In 1750 he was appointed by a wealthy silk-merchant, Isaac Bernhard, as teacher to his children.
In the towns the division of labour had proceeded much further than in the rural districts, and there were in existence organized bodies, such as the Gild Merchant and the crafts, whose functions were primarily economic. But one of the most striking characteristics of town life in the middle ages was the manner in which municipal and industrial privileges and responsibilities were interwoven.
If the various states on the immediate mainland could levy taxes on Venetian goods in transit, the Venetian merchant would inevitably suffer in profits.
Boston University was endowed by Isaac Rich (1801-1872), a Boston fish-merchant, Lee Claflin (1791-1871), a shoe manufacturer and a benefactor of Wesleyan University and of Wilbraham Seminary, and Jacob Sleeper.
The caliph was so well pleased with these jewels that he bought them and paid the merchant a large sum of money.
With Thomas Dekker he wrote The Fairy Knight and The Bristowe Merchant (licensed in 1624, but both unpublished), with John Webster A late Murther of the Sonne upon the Mother (licensed in 1624).
The Tatars of the Bug, of the Crimea and of the Kuban were liberated from the suzerainty of the Porte; Azov, Kinburn and all the fortified places of the Crimea were ceded to Russia; the Bosphorus and Dardanelles were opened to Russian merchant vessels; and Russian ambassadors obtained the right to intervene in favour of the inhabitants of the Danubian principalities.
A charge of heresy was brought against him, but he escaped to France, and established himself as a merchant at Rouen or Dieppe, where he lived un - molested until his death in 1553, although attempts were made by the Scottish community there to bring further charges against him.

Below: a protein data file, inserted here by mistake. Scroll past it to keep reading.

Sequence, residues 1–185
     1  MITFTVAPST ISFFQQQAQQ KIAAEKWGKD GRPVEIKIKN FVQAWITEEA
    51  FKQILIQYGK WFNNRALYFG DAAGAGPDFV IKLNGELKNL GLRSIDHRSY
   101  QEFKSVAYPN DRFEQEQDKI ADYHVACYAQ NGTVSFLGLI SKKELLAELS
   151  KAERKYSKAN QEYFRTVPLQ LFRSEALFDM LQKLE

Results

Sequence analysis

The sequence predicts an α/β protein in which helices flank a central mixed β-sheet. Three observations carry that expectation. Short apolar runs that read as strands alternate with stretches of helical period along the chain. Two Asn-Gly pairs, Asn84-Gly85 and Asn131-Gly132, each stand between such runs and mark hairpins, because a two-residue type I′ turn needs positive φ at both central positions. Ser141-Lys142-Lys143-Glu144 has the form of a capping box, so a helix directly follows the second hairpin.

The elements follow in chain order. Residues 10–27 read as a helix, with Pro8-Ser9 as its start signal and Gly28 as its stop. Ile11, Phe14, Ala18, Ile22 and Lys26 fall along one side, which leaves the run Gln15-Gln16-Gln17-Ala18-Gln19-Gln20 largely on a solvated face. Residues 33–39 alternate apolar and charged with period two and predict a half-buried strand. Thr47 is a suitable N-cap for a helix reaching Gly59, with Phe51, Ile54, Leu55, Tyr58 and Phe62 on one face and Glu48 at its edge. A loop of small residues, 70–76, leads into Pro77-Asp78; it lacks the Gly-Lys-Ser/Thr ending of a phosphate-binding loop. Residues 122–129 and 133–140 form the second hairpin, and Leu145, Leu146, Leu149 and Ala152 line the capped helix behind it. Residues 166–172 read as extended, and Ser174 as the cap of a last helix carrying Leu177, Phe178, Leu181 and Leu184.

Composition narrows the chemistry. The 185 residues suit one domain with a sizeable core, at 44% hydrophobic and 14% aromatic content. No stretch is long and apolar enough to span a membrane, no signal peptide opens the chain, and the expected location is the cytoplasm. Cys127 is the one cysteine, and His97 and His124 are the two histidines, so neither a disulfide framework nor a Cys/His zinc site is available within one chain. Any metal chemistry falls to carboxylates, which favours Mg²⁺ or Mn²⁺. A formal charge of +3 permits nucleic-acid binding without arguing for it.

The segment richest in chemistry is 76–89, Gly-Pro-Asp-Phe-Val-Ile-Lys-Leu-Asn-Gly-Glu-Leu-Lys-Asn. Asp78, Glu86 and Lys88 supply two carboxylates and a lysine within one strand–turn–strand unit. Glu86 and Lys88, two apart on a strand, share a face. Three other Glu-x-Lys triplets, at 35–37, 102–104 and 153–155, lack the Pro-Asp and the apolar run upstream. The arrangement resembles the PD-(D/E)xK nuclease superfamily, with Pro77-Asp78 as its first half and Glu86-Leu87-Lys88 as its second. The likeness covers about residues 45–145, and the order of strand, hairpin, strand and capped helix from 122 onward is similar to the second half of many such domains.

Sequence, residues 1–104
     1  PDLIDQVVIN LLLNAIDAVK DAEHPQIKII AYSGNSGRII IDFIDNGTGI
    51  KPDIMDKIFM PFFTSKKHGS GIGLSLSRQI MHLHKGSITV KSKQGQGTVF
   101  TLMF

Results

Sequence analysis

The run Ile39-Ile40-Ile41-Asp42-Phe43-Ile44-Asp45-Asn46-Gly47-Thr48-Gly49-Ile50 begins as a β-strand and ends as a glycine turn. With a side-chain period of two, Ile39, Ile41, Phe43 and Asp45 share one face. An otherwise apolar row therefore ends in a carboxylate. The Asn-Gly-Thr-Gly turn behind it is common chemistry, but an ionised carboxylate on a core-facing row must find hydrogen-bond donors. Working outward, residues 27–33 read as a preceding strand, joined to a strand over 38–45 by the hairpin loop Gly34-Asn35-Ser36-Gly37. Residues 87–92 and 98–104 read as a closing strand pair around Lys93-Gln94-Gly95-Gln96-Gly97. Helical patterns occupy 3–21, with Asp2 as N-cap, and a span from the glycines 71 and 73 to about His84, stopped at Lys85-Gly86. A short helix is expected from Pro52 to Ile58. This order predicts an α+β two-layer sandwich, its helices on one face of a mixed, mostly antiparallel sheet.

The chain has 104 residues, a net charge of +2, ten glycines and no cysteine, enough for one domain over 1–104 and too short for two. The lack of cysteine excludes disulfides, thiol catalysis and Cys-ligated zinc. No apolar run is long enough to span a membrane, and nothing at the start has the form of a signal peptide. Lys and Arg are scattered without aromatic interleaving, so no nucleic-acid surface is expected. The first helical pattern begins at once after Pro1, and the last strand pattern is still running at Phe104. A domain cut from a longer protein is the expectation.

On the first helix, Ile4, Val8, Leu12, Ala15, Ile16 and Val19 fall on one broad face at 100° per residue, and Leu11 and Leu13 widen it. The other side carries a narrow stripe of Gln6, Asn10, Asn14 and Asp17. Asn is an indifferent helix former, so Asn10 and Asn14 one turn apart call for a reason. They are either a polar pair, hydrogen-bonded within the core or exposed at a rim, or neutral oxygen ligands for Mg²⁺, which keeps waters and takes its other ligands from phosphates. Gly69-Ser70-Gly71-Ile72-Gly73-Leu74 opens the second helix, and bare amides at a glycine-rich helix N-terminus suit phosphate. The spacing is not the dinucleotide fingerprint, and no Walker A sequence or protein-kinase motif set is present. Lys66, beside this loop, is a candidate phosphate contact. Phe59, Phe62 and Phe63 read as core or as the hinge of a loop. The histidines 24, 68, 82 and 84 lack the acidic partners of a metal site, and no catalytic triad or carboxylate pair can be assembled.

A law of the republic required every merchant trading to the East to bring back some material for the adornment of the fane.
The merchant princes and social leaders of the time are painted with elaborate show of luxury in the canvases of Copley.
A year passed by and then the merchant appeared once more before Al Mansour.
Then the merchant told him how the eagle had flown away with his money.
Saying this, he ordered that ten gold pieces be given to the merchant in place of those that were lacking.
"It is well," said he, "that neither a merchant nor a fisherman shall have it; for such men think only of their business and care really nothing for beauty."
On his face, besides the look of joyful emotion it had worn yesterday while telling the tale of the merchant who suffered innocently, there was now an expression of quiet solemnity.